Yet Rodriguez has persisted there, typically batting behind Derek Jeter and either Ichiro Suzuki or Nick Swisher, and ahead of Robinson Cano. It didn’t appear to cost the Yankees much once he returned; they scored 5.68 runs per game down the stretch as players such as Suzuki and Russell Martin heated up. But on Monday night, the cost was glaringly apparent as Rodriguez came to bat with two outs and the Yankees down one run against righty closer Jim Johnson. Though he battled Johnson for seven pitches in what might have been his best plate appearance of the night, in the end he struck out, while the lefty Cano, the team’s best hitter all season and their the hottest over the last few weeks, could only watch in the on-deck circle.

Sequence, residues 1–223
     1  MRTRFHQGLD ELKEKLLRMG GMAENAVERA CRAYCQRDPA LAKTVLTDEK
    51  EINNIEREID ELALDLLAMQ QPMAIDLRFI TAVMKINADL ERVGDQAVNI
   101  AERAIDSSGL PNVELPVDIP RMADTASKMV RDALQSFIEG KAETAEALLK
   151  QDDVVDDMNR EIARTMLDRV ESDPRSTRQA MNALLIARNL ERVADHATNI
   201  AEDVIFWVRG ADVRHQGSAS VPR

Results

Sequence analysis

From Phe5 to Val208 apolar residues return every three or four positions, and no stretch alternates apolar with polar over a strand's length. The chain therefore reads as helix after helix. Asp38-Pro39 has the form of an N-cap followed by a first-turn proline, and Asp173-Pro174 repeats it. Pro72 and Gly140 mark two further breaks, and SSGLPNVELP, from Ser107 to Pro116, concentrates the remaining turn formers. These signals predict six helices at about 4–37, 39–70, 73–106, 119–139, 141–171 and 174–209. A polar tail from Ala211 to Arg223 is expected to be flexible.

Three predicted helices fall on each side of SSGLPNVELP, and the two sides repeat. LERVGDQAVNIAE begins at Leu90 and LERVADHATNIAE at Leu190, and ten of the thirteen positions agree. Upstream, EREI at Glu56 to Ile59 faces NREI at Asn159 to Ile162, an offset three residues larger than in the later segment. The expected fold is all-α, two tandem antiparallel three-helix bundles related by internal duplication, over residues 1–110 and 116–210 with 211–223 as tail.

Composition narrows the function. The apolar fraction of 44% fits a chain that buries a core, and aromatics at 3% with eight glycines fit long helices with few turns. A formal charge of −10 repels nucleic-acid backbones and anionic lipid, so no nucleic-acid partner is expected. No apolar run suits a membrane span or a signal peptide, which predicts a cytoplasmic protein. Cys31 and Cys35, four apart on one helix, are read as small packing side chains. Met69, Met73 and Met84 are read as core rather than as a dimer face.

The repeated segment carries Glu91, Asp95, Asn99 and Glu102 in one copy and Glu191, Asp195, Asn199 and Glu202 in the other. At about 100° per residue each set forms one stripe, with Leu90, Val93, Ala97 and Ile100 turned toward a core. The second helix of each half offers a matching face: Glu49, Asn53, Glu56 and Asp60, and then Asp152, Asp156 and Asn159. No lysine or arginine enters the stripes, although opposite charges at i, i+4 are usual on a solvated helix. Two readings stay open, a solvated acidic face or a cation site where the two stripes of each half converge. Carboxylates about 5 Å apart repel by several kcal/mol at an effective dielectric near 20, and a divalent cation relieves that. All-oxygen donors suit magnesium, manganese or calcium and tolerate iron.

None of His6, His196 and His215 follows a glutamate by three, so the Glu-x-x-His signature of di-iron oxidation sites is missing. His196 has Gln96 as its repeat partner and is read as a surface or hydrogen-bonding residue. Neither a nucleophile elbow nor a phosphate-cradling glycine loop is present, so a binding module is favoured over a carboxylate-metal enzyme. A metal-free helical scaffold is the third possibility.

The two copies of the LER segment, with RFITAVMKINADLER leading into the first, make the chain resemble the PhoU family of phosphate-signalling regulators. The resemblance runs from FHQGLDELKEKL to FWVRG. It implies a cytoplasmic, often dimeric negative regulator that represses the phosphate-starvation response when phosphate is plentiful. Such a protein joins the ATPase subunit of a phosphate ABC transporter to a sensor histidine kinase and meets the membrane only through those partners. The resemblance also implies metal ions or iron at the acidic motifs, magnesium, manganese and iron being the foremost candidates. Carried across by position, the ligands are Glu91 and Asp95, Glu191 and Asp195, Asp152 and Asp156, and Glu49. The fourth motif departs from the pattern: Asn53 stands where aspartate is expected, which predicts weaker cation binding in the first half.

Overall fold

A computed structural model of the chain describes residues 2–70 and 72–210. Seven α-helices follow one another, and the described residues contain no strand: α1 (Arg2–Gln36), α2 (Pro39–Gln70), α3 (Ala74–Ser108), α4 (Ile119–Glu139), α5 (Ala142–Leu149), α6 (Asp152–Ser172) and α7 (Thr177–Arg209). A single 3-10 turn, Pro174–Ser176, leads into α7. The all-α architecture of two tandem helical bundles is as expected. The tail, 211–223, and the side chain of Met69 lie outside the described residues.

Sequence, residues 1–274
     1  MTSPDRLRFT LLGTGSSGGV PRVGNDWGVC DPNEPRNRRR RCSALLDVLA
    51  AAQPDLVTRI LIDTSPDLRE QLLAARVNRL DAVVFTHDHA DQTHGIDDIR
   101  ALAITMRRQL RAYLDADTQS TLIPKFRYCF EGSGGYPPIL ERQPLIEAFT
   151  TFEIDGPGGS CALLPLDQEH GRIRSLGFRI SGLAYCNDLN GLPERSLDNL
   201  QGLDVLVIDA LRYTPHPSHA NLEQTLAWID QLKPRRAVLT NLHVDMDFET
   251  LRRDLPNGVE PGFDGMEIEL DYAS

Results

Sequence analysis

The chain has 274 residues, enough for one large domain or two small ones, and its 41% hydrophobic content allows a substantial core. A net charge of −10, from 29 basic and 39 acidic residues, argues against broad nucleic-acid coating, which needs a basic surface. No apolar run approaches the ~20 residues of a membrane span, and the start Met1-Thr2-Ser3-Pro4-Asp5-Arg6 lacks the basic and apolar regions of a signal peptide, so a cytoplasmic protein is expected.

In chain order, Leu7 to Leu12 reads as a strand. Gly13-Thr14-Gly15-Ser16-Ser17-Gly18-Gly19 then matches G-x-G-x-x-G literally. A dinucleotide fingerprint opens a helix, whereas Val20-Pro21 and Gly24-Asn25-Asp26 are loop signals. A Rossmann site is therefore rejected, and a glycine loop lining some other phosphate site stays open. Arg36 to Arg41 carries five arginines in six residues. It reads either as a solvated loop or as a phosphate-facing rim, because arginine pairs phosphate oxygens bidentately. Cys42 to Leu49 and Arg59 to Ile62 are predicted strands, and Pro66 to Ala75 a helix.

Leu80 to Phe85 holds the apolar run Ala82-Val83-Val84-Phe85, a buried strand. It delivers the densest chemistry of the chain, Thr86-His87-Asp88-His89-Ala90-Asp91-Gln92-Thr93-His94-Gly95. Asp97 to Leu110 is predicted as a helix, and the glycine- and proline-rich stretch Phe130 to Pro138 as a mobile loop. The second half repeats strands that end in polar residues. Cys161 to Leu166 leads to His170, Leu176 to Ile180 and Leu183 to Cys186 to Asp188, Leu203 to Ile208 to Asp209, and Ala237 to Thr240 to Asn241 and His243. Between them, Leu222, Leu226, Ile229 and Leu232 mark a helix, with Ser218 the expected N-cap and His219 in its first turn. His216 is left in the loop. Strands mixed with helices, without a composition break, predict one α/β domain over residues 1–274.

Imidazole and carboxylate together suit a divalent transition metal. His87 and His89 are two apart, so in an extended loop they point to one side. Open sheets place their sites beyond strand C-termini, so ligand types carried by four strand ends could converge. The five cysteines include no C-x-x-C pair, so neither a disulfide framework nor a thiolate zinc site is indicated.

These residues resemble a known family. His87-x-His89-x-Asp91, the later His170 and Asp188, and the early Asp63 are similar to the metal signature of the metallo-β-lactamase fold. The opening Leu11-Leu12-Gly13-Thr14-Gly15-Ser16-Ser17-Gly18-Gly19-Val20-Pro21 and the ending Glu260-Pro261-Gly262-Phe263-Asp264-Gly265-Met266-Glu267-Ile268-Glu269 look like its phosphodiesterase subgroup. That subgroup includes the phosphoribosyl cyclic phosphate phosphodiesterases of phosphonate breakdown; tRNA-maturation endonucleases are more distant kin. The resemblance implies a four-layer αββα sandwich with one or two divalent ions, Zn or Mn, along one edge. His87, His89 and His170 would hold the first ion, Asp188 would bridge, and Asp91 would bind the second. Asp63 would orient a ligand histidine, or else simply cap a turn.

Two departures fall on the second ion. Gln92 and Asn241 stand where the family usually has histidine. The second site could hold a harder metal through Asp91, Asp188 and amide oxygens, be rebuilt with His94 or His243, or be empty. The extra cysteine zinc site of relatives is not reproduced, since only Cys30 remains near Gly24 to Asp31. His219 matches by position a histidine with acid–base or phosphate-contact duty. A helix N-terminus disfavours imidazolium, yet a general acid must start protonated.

In the grand scheme of things, it’s important to remember that at the heart of it, batting order is a manager’s means of distributing offensive playing time; ideally, the best players should bat the most often. Over the course of the year, the average big league team draws roughly 18 fewer plate appearances for every spot they move down the order. Speed, power, and handedness do come into play, but as secondary principles; the sluggers should hit with more men on base, the slowest hitters should be kept apart to cut down on double plays, and a manager shouldn’t cluster too many same-handed hitters together, creating a very real cost when opponents try to gain the platoon advantage by switching pitchers.